Our faculty and students engage in a range of South Asia and India directed research initiatives, seminars, conferences, publications, and outreach, providing thought leadership on the region's key issues, opportunities and challenges.
An array of courses on topics that include politics, education, business, history, culture, media studies and law offered by our world-renowned experts allow the NYU community to further their learning about the rich heritage and vibrant future of South Asia. NYU projects based in India and other South Asian countries enhance their basic scientific research, government policy and corporate strategy.
NYU's curriculum offers a wide range of ways in which our students and faculty can learn about and experience India and the greater South Asia region. A sample of these offerings:
Provides an introduction to India's economy, history and culture through the Indian Institute of Management Bangalore. Lectures and seminars on a wide range of functional areas draw out some differences between this region and other regions.
Provides graduate students with an opportunity to examine India's higher education system, to discover and analyze similarities and differences in comparison to higher education in the United States. Special lectures with sociologists and national officials help understand the goals and future aspirations of Indian higher education.
Introduces the comparative politics of South Asia. Analyzes the politics of South Asian countries, including India, Pakistan, Bangladesh, Sri Lanka and Nepal, individually and in a comparative framework. Readings are chosen from across disciplines, including political science, anthropology, economics, and history.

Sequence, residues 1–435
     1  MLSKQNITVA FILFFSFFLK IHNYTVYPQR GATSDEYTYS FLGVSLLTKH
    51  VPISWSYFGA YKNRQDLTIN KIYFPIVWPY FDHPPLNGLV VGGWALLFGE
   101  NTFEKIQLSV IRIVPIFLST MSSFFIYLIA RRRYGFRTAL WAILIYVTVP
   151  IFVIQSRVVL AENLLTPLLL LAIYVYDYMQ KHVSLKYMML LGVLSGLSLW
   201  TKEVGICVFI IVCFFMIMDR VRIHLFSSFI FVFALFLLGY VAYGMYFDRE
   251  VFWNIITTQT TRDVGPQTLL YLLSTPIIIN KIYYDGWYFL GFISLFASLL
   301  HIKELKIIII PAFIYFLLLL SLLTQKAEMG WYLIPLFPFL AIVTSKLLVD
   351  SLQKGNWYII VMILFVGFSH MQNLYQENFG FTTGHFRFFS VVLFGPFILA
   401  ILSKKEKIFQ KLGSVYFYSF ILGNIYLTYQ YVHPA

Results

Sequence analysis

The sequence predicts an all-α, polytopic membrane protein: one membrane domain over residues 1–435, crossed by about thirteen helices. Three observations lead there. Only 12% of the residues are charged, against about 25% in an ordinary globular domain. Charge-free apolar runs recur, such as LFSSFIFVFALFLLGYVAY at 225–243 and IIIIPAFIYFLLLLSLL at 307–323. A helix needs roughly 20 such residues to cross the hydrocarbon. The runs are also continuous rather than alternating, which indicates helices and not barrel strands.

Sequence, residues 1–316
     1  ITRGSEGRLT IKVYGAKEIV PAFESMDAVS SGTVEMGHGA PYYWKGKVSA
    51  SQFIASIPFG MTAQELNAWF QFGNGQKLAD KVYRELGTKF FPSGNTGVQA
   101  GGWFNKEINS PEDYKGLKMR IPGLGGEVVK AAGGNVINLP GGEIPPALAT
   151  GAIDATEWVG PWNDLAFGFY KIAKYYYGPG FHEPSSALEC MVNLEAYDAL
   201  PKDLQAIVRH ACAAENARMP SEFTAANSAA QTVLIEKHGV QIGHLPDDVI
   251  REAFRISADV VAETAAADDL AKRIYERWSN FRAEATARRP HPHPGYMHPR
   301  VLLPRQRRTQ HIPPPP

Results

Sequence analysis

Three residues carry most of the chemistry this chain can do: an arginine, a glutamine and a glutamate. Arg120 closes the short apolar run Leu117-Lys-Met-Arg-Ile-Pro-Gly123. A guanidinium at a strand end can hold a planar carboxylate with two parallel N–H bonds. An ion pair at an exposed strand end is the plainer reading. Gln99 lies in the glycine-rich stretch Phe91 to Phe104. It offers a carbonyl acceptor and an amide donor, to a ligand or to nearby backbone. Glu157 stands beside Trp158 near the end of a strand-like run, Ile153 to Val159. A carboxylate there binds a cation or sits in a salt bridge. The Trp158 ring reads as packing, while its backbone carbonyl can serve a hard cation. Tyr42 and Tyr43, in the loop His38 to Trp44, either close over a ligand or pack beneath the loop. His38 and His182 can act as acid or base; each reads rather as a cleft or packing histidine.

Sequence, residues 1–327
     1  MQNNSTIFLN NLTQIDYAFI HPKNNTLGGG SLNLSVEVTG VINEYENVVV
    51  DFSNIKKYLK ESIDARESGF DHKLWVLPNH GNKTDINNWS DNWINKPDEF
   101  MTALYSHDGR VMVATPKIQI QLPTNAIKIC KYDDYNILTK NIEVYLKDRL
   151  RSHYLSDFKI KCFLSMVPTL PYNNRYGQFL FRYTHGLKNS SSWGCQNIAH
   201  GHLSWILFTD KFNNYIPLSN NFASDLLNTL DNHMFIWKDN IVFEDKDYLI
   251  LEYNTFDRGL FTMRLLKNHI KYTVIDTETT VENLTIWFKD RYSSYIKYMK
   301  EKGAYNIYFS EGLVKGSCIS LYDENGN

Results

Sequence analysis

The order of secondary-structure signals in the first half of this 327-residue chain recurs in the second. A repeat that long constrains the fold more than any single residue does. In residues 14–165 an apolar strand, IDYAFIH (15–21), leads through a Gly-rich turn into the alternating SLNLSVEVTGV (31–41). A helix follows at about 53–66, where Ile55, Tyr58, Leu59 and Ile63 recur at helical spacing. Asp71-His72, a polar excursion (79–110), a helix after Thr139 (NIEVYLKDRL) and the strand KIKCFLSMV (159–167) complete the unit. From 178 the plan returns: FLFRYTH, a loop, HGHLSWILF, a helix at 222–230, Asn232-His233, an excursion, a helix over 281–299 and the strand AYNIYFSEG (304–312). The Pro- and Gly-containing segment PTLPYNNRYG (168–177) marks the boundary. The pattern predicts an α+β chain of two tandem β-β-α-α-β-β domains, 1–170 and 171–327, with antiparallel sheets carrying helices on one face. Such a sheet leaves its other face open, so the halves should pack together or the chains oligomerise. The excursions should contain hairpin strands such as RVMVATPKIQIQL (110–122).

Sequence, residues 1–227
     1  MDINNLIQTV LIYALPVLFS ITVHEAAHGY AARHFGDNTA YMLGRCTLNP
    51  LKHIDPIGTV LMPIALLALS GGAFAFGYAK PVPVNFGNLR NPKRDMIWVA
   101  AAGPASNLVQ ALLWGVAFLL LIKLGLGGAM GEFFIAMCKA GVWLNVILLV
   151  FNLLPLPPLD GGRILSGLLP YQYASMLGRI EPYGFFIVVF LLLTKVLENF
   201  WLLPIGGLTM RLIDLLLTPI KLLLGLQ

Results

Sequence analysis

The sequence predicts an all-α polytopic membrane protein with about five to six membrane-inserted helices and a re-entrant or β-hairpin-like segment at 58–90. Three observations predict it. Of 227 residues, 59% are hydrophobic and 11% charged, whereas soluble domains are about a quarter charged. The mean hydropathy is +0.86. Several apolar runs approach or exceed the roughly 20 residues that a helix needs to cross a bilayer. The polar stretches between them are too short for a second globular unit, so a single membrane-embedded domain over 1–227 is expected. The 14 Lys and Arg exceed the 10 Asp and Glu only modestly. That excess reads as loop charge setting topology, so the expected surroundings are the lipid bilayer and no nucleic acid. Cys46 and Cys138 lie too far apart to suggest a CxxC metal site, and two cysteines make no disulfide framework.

This course provides a broad understanding of the social developments of the Indian sub-continent. The countries studied may include India, Pakistan, Bangladesh and/or Sri Lanka. A variety of materials, from fictional and non-fictional texts to video and film are used to explore the interactions of tradition, change, colonialism, sectarianism, and modernization.
Drawing on an interdisciplinary set of readings about India, this course explores a fraught and difficult dynamic within the modern world - democratic nation-building, how the state contends with majority and minority identities, the complexities of secularism, notions of equality and difference.
A historical and contextualized perspective on legal change and the application of law in developing countries, especially in multi-ethnic, multi-religious regions such as South Asia. What underlies the divergence between law and practice, and ownership and control?
To find out more, contact Ulrich Baer or
Arun Sundararajan, firstname.lastname@example.org
Jerry Hultin, President of NYU-Poly, speaks in Delhi about building India's urban infrastructure